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Padawan
2004-Apr-05, 06:40 PM
Hiya, i'm new to this forum!

i was wondering if there is an upper mass limit for red supergiants. If the red supergiant becomes massive enough, would it become a blue supergiant?

Does anyone know?

cyswxman
2004-Apr-05, 07:10 PM
Welcome to the board, Padawan! :)

I'm not well versed in this area of astronomy, but my guess is that the colors have no real relation to the size of stars, but rather the fuel they are converting (fusing) in their cores.

Ut
2004-Apr-05, 07:15 PM
Here's some information on blue giants. As you can see, generally speaking, they're just supermassive stars.

http://en.wikipedia.org/wiki/Blue_giant

Though I've heard that red supergiants can contract after the initial shell burning of helium stops, making them blue for a short period. As soon as core and/or shell burning resumes, theough, they'd baloon back up into red supergiants. I'm not sure if stellar evolution theory has tossed this idea aside or not, though.

Ut
2004-Apr-05, 07:19 PM
Welcome to the board, Padawan! :)

I'm not well versed in this area of astronomy, but my guess is that the colors have no real relation to the size of stars, but rather the fuel they are converting (fusing) in their cores.

Colours have to do with the temperature of the star's chromosphere. A red dwarf star is fusing hydrogen, just as our yellow sun is, just as a main sequence blue star is. A red giant star is burning hydrogen in a shell surrounding its core. When massive red giants begin fusing helium, they get even bigger in volume, but remain red.

Padawan
2004-Apr-05, 07:20 PM
Thanks for the input guys! :)

Any other thoughts?

Brady Yoon
2004-Apr-06, 12:49 AM
Is there a definite correlation between size and mass in red supergiants? Are all larger supergiants of the same spectral class more massive?

Normandy6644
2004-Apr-06, 01:32 AM
Is there a definite correlation between size and mass in red supergiants? Are all larger supergiants of the same spectral class more massive?

A believe it's mass and luminosity that correlate, although luminosity is based on fusion power, so I woudl imagine that radiation pressure would be greater and thus produce a more massive star.

AGN Fuel
2004-Apr-06, 02:39 AM
A believe it's mass and luminosity that correlate, although luminosity is based on fusion power, so I woudl imagine that radiation pressure would be greater and thus produce a more massive star.

From memory, the Mass-Luminosity relationship applies only to stars on the Main Sequence. IIRC, implications of the Eddington limit place an upper restriction on the mass a star can be at formation, which I think is somewhere in the 120 solar mass range.

Normandy6644
2004-Apr-06, 02:58 AM
A believe it's mass and luminosity that correlate, although luminosity is based on fusion power, so I woudl imagine that radiation pressure would be greater and thus produce a more massive star.

From memory, the Mass-Luminosity relationship applies only to stars on the Main Sequence. IIRC, implications of the Eddington limit place an upper restriction on the mass a star can be at formation, which I think is somewhere in the 120 solar mass range.

I'm not sure about that main sequence bit, since no giants (red or blue) are on the MS, and yet I'm pretty sure they still obey the mass-luminosity law. Time to get out the old notes... :lol:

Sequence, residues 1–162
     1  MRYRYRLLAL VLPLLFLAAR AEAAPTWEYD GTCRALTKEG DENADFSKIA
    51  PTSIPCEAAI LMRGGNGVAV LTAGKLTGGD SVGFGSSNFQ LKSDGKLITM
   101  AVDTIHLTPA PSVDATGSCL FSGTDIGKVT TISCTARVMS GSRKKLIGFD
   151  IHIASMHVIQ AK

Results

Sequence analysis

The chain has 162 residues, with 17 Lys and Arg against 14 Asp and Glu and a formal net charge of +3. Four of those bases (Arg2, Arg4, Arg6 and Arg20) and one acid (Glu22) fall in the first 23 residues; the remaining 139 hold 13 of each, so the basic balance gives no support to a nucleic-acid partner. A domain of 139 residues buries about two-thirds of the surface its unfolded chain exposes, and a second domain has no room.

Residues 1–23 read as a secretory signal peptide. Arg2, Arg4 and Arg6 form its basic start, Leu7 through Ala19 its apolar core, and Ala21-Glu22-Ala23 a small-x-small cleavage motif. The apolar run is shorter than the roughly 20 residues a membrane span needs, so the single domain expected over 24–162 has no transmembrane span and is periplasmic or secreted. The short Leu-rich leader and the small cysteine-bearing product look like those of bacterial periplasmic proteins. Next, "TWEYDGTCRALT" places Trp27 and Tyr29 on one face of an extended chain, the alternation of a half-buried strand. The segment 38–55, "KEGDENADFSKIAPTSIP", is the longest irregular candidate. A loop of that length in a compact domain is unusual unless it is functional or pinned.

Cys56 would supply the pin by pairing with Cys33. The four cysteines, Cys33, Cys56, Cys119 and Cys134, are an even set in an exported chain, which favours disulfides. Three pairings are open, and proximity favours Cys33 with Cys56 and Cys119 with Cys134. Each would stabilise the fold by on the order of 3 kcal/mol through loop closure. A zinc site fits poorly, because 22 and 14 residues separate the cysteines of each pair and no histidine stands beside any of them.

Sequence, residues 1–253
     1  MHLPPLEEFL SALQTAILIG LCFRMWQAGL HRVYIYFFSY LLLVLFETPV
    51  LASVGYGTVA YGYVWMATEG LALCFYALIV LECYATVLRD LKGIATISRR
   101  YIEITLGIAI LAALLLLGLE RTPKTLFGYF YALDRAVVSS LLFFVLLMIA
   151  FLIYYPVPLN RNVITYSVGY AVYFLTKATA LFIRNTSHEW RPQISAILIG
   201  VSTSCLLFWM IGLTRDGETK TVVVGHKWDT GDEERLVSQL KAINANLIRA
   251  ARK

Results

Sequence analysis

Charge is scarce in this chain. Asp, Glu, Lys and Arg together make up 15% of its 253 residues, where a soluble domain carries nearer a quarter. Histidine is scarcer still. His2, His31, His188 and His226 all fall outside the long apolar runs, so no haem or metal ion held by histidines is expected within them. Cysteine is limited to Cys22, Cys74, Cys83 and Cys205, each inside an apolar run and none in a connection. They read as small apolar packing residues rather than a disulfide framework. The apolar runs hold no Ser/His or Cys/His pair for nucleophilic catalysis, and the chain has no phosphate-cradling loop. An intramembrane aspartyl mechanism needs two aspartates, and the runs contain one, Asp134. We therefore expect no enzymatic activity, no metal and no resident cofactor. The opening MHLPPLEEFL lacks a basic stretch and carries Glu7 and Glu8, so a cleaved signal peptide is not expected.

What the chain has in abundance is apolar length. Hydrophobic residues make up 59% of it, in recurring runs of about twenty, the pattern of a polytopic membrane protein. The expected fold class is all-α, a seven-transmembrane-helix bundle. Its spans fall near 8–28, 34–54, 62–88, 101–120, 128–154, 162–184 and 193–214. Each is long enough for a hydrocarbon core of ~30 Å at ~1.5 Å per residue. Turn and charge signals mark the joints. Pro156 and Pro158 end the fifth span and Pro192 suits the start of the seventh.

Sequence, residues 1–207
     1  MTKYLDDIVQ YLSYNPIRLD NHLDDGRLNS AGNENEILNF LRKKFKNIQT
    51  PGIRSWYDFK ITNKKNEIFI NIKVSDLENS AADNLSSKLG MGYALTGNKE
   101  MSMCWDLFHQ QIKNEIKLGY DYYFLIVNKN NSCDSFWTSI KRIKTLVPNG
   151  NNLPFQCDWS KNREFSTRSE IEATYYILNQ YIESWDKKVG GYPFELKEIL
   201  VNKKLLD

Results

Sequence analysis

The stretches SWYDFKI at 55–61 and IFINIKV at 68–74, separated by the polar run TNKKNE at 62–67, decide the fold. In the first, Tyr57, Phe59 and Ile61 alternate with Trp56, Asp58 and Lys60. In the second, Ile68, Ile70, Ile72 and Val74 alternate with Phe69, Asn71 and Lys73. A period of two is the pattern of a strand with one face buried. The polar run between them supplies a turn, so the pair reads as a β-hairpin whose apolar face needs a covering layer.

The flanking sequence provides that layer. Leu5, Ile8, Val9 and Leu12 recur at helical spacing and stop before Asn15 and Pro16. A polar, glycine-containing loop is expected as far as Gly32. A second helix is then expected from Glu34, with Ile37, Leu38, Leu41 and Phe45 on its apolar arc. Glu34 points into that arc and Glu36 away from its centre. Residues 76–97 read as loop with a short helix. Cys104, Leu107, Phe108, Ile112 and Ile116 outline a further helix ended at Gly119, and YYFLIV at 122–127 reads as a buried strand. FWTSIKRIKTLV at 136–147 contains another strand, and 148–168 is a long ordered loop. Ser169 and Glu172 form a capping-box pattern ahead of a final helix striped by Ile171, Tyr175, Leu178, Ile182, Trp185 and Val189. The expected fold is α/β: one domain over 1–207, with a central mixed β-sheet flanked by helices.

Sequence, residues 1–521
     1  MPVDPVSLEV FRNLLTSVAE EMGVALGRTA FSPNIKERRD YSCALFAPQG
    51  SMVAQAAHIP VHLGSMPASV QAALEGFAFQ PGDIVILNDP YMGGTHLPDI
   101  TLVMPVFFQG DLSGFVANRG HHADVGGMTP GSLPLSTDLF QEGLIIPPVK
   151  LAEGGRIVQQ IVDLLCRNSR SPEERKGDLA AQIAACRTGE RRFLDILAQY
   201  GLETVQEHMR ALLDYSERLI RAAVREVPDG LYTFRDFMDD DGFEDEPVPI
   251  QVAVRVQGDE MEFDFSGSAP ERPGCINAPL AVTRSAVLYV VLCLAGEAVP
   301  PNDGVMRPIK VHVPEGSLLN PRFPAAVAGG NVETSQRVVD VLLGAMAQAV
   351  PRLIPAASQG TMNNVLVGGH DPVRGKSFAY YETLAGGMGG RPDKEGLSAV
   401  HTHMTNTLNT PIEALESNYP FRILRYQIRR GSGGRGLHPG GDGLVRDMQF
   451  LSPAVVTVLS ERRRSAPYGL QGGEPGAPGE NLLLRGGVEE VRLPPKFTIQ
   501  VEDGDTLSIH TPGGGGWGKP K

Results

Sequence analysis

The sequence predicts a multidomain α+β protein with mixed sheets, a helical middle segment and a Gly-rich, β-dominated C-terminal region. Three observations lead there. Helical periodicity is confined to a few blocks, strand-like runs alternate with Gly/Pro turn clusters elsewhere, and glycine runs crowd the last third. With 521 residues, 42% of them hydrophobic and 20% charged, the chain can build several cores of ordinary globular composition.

Tobin Dax
2004-Apr-06, 04:20 AM
Is there a definite correlation between size and mass in red supergiants? Are all larger supergiants of the same spectral class more massive?

There is a corellation between temperature/luminosity and radius, as radius can be plotted on the H-R diagram. As for radius and mass, you could get a relation from teh L-R relation and the M-L relation. Keep in mind that the M-L relation is sketchy and approximate and the radius curve stretches across the temperature range, so this relation could be tricky to figure out.

Ricimer
2004-Apr-06, 08:19 PM
Normandy: There is no hard and fast mass-luminosity relationship once one leaves the main sequence. The reason for this is because you can have vast differences in luminosity with little difference in mass.

The red giants and supergiants are formed when a star swells, vastly increasing it's luminosity, but maintaining its mass.

Most of the hard and fast relationships, like mass-luminosity are very vague off of the mainsequence.

There brighter does not mean more massive, larger radius does not mean more massive (though it does tend to go with luminosity, but not always).

Normandy6644
2004-Apr-06, 11:17 PM
Normandy: There is no hard and fast mass-luminosity relationship once one leaves the main sequence. The reason for this is because you can have vast differences in luminosity with little difference in mass.

Very true. I suppose the important relationship at that point becomes the Stefan-Boltzmann law, since it relates luminosity to temperature and surface ara.


The red giants and supergiants are formed when a star swells, vastly increasing it's luminosity, but maintaining its mass.

Right, another point for Stefan-Boltzmann.


Most of the hard and fast relationships, like mass-luminosity are very vague off of the mainsequence. There brighter does not mean more massive, larger radius does not mean more massive (though it does tend to go with luminosity, but not always).

Yeah, I'm not sure what I was confusing (if anything). Welcome to the board!! [/quote]

Ricimer
2004-Apr-07, 03:59 PM
Thanks for the welcome.

One small problem with the H-R diagram is that your mind wants to apply a lot of the relationships to everything on it. So people tend to do just that, even if they know better.

A lot of students I work with have the very same problem, and they're much harder to point in the right direction.